This is obviously the nuclear option. The building is decaying at an alarming rate, many of the windows are broken, leaving the interior of the property susceptible to the elements. The City recently erected temporary boarding over many of the windows, securing the building, but making it even more of an eyesore than with the broken windows in view. It’s been in disrepair for a few years now and who knows what type of damage exposure to a few Canadian winters might have had on the property.
The reality with this building is that it’s collateral damage in the era of the automobile. It was built in the era of horse and buggy. The region grew and the intersection it overlooks has become a vital artery for traffic in Preston and Cambridge. To see it restored to any semblance of function will need a huge amount of public money. If you weren’t a fan of the cost required to save the Old Post Office building in Galt, that would pale in comparison to the cost of saving the Preston Springs from the public coffers. In the end it may just make more sense to demolish instead of letting it decay before our eyes year after year.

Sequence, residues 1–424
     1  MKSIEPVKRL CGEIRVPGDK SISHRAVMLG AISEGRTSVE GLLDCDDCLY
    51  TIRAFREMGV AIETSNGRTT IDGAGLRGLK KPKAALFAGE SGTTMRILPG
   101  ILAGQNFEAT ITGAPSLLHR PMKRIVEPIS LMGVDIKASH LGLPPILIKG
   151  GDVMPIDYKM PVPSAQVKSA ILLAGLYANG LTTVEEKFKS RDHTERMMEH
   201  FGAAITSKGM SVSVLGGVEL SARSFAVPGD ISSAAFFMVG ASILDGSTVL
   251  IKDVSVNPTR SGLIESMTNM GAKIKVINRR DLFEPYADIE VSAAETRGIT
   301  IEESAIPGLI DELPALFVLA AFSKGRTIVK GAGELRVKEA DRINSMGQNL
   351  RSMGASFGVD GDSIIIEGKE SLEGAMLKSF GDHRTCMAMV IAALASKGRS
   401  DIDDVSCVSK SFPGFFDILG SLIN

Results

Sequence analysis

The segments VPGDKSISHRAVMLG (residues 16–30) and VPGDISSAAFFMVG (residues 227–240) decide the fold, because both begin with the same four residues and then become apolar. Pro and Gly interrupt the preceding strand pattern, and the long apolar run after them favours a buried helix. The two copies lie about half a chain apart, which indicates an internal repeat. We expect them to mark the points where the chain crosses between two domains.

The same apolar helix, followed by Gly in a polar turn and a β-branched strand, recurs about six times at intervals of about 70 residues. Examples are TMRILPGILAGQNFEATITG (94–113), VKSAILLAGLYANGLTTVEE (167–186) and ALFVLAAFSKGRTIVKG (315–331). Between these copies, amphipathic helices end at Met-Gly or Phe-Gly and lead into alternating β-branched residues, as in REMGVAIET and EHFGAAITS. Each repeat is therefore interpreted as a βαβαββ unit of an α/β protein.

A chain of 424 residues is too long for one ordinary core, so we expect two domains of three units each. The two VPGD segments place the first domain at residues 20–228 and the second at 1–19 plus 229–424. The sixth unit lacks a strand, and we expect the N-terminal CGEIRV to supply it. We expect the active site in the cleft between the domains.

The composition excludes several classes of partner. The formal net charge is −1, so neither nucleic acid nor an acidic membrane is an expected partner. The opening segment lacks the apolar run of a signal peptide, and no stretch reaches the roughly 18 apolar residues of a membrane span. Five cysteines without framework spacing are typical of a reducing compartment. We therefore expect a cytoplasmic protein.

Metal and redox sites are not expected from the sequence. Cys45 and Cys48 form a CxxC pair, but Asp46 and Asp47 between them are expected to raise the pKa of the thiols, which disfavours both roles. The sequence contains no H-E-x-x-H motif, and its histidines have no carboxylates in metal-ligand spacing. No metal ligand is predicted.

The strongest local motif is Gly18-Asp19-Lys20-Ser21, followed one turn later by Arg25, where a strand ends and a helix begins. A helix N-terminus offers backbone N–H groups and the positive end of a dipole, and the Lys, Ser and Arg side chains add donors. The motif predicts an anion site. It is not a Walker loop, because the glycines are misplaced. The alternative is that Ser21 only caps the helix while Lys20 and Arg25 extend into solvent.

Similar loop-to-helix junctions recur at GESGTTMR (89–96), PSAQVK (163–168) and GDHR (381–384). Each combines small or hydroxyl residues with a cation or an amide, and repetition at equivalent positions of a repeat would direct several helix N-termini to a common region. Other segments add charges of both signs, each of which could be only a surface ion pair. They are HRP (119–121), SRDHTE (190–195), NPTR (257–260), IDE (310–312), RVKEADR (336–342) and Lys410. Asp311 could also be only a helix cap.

3. Partial Demolition and Restoration
One option I could see being viable is demolishing a part of the building and keeping the rest. I’ll admit that I’m just spitballing this idea, but stick with me here. Assuming this is structurally possible to do, my suggestion would be to knock down the left side of the building.
One of the big issues with the building is the sheer size of it. If it’s not practical as a living space, then it makes sense to cut down on the amount of space footage required to maintain for the property. What’s left of the building is the symmetrical tower, with 2 windows on either side. This would remove almost 2/3 of the building and allow us to keep a workable amount of the structure and the façade that faces directly down King Street. It also might make the space workable for the amount of parking that is available around back of the property.
What To Do With This Smaller Preston Springs?
With the more manageable size of the building, we could then look at a smaller scale project to fill the space. Last year I had the opportunity to check out the Guelph Civic Museum and really think this is something we could work towards. This museum was itself a heritage restoration project, restoring the Loretto Convent building into a beautiful public facility. The museum has a great permanent display on Guelph’s history, as well as space for touring exhibits to display. If you haven’t checked it out, it’s definitely worth popping into Guelph for.